Caroline J. Walker
walkerc at CLEMSON.EDU
Wed Aug 26 10:51:41 EST 1998
I have been interviewing in industry recently and was amazed and pleased to
see the number of women bosses. My perception (which could admittedly be
way off) was that the women were thriving in industry.
If this is the case then it seems possible that in industry there
is a situation where there is a common goal and a profit motive in a
department. The whole group will therefore benefit by having the best
people in the jobs and it is therefore self-defeating to discriminate
against women for positions and promotions.
In academics, departmental members are working more or less
independantly - whether one faculty member recieves and NIH grant does not
depend on how well a colleague performed on their NSF grant. The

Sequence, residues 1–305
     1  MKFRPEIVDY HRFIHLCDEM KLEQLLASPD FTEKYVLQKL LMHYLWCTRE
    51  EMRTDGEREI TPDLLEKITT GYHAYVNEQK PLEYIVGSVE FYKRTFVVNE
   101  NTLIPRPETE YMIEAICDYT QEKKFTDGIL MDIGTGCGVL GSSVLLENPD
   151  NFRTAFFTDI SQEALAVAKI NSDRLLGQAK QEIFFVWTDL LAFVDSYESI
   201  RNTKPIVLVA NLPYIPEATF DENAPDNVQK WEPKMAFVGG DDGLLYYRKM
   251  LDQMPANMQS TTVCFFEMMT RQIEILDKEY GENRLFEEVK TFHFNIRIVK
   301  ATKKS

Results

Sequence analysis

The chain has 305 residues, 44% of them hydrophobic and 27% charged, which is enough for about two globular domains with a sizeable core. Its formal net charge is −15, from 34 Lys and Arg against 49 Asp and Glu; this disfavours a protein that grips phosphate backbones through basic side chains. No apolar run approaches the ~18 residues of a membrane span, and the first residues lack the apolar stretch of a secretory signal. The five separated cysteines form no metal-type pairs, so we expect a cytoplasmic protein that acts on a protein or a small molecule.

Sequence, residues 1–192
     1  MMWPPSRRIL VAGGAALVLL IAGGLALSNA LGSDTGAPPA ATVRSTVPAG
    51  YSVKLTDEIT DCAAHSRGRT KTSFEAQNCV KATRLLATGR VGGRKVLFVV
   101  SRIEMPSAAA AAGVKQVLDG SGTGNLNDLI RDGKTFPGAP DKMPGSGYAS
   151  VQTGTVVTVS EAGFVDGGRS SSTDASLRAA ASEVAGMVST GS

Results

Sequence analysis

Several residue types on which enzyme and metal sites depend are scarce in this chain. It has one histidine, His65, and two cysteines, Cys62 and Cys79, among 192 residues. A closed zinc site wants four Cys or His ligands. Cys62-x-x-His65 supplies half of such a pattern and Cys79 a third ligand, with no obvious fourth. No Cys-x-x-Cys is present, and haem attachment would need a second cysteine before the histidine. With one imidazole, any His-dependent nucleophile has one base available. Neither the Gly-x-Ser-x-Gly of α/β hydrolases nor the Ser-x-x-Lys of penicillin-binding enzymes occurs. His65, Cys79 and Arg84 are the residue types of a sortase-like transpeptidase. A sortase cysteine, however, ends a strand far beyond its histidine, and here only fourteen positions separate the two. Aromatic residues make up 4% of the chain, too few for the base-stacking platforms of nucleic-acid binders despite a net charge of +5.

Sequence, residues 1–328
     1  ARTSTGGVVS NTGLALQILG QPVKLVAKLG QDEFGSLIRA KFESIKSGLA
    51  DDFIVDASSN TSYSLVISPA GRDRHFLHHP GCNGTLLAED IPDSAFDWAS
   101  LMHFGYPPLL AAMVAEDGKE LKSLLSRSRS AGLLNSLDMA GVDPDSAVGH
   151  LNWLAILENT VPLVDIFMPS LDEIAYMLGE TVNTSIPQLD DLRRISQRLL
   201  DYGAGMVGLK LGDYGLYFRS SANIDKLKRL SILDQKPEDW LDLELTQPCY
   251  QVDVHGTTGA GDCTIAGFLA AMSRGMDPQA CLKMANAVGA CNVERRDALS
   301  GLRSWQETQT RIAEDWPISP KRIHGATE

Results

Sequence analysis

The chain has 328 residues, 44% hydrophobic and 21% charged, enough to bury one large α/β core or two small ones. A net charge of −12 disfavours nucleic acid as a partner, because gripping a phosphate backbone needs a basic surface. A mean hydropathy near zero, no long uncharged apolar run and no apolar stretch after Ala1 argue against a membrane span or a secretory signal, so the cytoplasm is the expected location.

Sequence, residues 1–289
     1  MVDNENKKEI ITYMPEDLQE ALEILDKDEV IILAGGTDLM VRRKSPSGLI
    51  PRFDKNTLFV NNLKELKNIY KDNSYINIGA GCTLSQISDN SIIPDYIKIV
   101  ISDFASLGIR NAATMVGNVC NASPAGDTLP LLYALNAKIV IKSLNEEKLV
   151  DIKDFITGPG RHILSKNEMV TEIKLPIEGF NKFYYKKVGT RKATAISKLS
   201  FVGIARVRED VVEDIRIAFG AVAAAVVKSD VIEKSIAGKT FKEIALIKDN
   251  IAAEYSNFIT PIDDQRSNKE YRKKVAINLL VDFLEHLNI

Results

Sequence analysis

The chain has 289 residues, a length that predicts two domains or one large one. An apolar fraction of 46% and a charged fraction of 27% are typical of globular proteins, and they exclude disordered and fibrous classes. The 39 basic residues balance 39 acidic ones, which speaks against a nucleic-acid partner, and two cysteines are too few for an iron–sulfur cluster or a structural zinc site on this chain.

connection between faculty is more fuzzy with good collegial input being
vulauable, good teaching sometimes appreciated and an overall benefit by
bringing good research into the Dept - HOWEVER, I think it is far more
possible to discriminate against women hires without shooting yourself in
the foot! Without the incentive to simply go for the best person
regardless of sex, women hires may be slower for a long time.
Its probably true to say that if women are really appreciated then
conditions for their employment would be made more attractive e.g time off
on the tenure track to have families, on site daycares etc. So perhaps
what we need is to force more of a team like structure on academics?
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